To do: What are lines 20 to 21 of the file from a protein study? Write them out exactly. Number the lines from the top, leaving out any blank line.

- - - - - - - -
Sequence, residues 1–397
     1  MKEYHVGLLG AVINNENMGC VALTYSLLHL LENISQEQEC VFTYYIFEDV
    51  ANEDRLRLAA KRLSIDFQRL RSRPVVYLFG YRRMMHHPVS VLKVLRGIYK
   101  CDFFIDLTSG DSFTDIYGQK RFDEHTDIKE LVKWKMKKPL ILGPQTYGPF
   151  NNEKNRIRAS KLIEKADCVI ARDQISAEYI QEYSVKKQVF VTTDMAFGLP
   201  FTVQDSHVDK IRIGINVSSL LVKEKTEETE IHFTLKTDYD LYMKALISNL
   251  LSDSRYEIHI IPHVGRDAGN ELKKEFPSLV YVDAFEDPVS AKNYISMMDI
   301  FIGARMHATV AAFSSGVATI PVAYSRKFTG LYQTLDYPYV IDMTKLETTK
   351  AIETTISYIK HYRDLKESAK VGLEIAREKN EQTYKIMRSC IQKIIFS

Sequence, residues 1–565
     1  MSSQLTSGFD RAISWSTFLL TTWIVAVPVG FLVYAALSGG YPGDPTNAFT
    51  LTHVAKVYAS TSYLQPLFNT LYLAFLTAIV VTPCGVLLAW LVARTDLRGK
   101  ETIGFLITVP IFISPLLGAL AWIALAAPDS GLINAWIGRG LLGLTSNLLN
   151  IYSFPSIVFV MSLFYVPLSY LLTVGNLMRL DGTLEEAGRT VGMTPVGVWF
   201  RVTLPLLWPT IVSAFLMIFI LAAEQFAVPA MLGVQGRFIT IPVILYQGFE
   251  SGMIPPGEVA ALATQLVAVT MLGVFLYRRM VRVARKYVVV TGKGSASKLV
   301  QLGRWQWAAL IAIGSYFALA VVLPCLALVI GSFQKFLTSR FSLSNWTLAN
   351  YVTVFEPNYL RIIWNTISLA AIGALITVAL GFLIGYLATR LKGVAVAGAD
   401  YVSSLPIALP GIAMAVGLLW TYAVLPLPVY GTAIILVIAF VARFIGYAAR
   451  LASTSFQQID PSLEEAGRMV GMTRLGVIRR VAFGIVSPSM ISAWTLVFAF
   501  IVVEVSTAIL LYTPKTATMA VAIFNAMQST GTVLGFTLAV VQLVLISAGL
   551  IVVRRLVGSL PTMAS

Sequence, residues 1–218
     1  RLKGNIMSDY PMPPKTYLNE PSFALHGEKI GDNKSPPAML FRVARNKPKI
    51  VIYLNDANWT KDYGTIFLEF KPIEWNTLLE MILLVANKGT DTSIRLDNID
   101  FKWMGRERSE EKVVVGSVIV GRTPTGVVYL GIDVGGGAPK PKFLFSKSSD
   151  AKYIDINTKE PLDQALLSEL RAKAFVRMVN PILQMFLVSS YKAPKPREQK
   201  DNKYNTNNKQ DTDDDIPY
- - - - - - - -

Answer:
   451  LASTSFQQID PSLEEAGRMV GMTRLGVIRR VAFGIVSPSM ISAWTLVFAF
   501  IVVEVSTAIL LYTPKTATMA VAIFNAMQST GTVLGFTLAV VQLVLISAGL